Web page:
We may have life and liberty. But the pursuit of happiness isn’t going so well. As a country, we are richer than ever. Yet surveys show that Americans are no happier than they were 30 years ago. The key problem: We aren’t very good at figuring out what will make us happy.
We constantly hanker after fancier cars and fatter paychecks—and, initially, such things boost our happiness. But the glow of satisfaction quickly fades and soon we’re yearning for something else.
Similarly, we tell our friends that our kids are our greatest joy. Research, however, suggests the arrival of children lowers parents’ reported happiness, as they struggle with the daily stresses involved.
Which raises the obvious question: Why do we keep striving after these things? Experts offer two explanations.
We aren’t built to be happy. Rather, we are built to survive and reproduce. We wouldn’t be here today if our ancestors didn’t struggle mightily to protect and feed their families. The promise of happiness, meanwhile, is just a trick to jolly us along.
“This is an incentive scheme for the benefit of our genes,” argues Boston money manager Terry Burnham, co-author of Mean Genes. “It’s a very fundamental trick that’s played on us, this lure of perpetual bliss.”
Don’t like the idea that we’re hoodwinked by some hard-wired set of ancient instincts? Blame it, instead, on societal beliefs.
Working hard and raising children may not make us happier. But these beliefs keep society functioning— and those who embrace them prosper and end up passing these values onto their children.
We’re bad at forecasting. Consider a study by academics Daniel Kahneman and David Schkade.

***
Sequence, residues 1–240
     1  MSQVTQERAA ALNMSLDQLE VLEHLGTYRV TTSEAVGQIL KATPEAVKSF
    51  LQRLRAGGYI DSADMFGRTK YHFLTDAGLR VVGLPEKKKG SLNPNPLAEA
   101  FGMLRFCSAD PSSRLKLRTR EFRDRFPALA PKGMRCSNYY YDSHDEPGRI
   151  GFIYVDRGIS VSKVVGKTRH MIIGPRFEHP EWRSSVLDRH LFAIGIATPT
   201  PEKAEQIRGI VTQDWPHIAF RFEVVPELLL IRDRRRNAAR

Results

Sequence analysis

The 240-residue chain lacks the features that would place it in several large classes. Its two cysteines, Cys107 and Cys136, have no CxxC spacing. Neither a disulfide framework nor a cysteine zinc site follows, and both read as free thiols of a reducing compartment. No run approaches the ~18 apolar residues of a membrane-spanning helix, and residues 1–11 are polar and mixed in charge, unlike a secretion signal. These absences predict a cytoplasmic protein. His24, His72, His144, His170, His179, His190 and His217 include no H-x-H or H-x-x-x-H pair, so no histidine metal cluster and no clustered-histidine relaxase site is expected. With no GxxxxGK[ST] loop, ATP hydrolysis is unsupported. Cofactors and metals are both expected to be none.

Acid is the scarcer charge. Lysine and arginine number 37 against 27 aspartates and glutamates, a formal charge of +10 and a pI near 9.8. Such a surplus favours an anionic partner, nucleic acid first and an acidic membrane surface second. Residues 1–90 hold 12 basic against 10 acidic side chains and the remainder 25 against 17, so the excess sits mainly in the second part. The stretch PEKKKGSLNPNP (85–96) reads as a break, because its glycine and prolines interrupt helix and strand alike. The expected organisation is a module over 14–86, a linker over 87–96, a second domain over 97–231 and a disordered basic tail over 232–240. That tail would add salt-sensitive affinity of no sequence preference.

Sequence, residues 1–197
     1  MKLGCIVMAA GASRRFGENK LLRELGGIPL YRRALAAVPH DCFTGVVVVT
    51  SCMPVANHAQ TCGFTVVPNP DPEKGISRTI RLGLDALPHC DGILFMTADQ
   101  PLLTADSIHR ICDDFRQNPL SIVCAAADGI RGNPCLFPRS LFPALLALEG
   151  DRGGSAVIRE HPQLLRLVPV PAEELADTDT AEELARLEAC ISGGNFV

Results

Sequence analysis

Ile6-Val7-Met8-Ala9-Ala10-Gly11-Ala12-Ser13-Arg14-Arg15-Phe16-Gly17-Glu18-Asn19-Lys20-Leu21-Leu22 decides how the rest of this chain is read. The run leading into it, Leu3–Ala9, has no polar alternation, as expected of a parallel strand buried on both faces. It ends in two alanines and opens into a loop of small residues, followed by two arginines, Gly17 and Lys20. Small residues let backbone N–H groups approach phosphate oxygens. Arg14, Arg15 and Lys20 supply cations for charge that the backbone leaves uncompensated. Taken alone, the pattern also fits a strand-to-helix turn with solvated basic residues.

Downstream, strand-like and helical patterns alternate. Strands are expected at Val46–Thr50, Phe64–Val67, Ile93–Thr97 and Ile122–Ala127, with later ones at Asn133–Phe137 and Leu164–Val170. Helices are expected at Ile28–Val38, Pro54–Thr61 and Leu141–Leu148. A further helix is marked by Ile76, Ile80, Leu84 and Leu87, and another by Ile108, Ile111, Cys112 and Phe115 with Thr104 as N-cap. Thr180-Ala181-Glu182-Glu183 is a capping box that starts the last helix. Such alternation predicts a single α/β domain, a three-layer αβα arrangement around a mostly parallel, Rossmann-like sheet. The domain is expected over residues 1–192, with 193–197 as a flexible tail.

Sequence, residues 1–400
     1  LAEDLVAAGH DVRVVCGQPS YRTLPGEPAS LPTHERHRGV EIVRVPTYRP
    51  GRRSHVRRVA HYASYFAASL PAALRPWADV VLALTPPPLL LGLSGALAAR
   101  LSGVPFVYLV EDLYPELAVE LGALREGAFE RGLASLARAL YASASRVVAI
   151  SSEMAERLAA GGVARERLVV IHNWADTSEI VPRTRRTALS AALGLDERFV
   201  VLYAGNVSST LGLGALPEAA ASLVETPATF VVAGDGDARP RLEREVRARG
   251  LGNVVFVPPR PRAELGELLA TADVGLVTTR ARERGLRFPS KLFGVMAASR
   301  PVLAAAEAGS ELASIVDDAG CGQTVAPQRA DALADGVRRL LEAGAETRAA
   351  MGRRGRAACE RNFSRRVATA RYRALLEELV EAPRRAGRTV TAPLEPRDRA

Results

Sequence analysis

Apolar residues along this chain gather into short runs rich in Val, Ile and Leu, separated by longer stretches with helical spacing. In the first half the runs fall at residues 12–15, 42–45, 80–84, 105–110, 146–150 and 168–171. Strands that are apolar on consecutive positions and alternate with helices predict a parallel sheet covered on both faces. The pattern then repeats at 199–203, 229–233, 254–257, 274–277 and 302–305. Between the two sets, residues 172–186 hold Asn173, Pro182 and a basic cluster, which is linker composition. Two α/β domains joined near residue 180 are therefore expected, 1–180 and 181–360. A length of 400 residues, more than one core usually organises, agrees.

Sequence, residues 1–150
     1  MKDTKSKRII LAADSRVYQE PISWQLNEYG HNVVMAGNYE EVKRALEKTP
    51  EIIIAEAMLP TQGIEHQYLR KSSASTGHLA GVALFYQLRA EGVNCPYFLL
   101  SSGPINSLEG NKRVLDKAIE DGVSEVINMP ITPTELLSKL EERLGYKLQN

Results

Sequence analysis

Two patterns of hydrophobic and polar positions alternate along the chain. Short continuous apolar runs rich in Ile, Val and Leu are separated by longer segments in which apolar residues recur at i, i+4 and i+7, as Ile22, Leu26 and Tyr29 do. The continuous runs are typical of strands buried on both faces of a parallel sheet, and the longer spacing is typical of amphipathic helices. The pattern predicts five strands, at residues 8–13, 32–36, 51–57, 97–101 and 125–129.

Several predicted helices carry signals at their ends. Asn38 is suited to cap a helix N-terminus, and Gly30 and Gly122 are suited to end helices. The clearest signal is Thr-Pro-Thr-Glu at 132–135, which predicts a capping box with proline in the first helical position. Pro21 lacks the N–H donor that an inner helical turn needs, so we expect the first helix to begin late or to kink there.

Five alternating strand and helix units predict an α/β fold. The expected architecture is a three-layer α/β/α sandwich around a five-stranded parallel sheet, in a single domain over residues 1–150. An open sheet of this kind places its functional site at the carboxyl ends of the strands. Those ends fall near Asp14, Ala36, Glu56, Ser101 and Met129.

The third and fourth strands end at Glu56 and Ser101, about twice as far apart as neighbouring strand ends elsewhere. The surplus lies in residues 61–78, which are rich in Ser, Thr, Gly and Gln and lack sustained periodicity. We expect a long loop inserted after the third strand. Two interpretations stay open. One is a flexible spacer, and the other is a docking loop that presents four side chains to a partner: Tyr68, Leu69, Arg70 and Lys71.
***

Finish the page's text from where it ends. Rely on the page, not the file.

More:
They asked university students in the Midwest and Southern California where they thought someone like themselves would be happier—and both groups picked California, in large part because of the better weather. Yet, when asked how satisfied they were with their own lives, both groups were equally happy.
“When you’re thinking about moving to California, you’re thinking about the beaches and the weather,” says Mr. Schkade, a management professor at the University of California at San Diego. “But you aren’t thinking about the fact that you’ll still be spending a lot of time in the grocery store or doing chores. People emphasize differences that are easy to observe ahead of time and forget about the similarities.”
When we predict what will make us happy, we’re also influenced by how we feel today. If we buy the weekly groceries just after we’ve had lunch, we will shop much more selectively. The downside: A few days later, we will be staring unhappily into an empty refrigerator.
Maybe most important, we fail to anticipate how quickly we will adapt to improvements in our lives. We think everything will be wonderful when we move into the bigger house. We don’t realize that, after a few months, we will take the extra space for granted.
Experience should help us avoid repeating such mistakes. But it doesn’t, in part because we don’t accurately recall how we really felt, says Harvard psychology professor Daniel Gilbert, author of Stumbling on Happiness.
One example: We work devilishly hard to get that next promotion, because we’re sure it will leave us elated. We forget that, when we last got promoted, it was a bit of a letdown.
With any luck, just knowing we are susceptible to these pitfalls will help.
But you might also try a reality check, Prof. Gilbert says. Suppose you think you will be happier if you move to a small rural town, adopt a child, or quit your job and become a high-school math teacher.
Don’t rely on the opinions of people who live in small towns, have adopted kids or become teachers. Instead, spend some time observing these folks— and see whether they’re happy.
Becoming a teacher “sounds quite romantic,” Prof. Gilbert says. “But hanging around high-school math teachers may quickly disabuse you of that notion .”
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